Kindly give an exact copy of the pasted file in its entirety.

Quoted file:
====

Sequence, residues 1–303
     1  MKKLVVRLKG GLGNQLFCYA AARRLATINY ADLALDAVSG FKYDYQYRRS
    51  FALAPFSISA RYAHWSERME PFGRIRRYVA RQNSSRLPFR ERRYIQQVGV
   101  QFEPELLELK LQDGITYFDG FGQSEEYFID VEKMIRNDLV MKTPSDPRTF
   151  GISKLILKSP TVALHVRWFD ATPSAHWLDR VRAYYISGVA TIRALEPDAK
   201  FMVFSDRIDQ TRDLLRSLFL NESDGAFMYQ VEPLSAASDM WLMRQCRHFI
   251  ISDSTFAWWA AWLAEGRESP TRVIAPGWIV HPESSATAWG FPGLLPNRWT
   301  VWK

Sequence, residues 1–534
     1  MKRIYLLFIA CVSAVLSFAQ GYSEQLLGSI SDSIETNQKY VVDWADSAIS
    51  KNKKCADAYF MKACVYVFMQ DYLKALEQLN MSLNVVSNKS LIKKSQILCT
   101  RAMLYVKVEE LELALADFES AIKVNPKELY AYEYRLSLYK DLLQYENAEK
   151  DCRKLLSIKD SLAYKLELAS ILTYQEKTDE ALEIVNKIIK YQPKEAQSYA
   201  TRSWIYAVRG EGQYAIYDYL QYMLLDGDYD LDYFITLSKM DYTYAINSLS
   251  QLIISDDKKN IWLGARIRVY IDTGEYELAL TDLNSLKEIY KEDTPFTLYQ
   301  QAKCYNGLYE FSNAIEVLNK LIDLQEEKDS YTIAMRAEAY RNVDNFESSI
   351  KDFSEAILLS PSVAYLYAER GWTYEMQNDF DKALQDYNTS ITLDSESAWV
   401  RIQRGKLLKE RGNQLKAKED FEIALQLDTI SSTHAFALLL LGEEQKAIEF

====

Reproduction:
Sequence, residues 1–303
     1  MKKLVVRLKG GLGNQLFCYA AARRLATINY ADLALDAVSG FKYDYQYRRS
    51  FALAPFSISA RYAHWSERME PFGRIRRYVA RQNSSRLPFR ERRYIQQVGV
   101  QFEPELLELK LQDGITYFDG FGQSEEYFID VEKMIRNDLV MKTPSDPRTF
   151  GISKLILKSP TVALHVRWFD ATPSAHWLDR VRAYYISGVA TIRALEPDAK
   201  FMVFSDRIDQ TRDLLRSLFL NESDGAFMYQ VEPLSAASDM WLMRQCRHFI
   251  ISDSTFAWWA AWLAEGRESP TRVIAPGWIV HPESSATAWG FPGLLPNRWT
   301  VWK

Sequence, residues 1–534
     1  MKRIYLLFIA CVSAVLSFAQ GYSEQLLGSI SDSIETNQKY VVDWADSAIS
    51  KNKKCADAYF MKACVYVFMQ DYLKALEQLN MSLNVVSNKS LIKKSQILCT
   101  RAMLYVKVEE LELALADFES AIKVNPKELY AYEYRLSLYK DLLQYENAEK
   151  DCRKLLSIKD SLAYKLELAS ILTYQEKTDE ALEIVNKIIK YQPKEAQSYA
   201  TRSWIYAVRG EGQYAIYDYL QYMLLDGDYD LDYFITLSKM DYTYAINSLS
   251  QLIISDDKKN IWLGARIRVY IDTGEYELAL TDLNSLKEIY KEDTPFTLYQ
   301  QAKCYNGLYE FSNAIEVLNK LIDLQEEKDS YTIAMRAEAY RNVDNFESSI
   351  KDFSEAILLS PSVAYLYAER GWTYEMQNDF DKALQDYNTS ITLDSESAWV
   401  RIQRGKLLKE RGNQLKAKED FEIALQLDTI SSTHAFALLL LGEEQKAIEF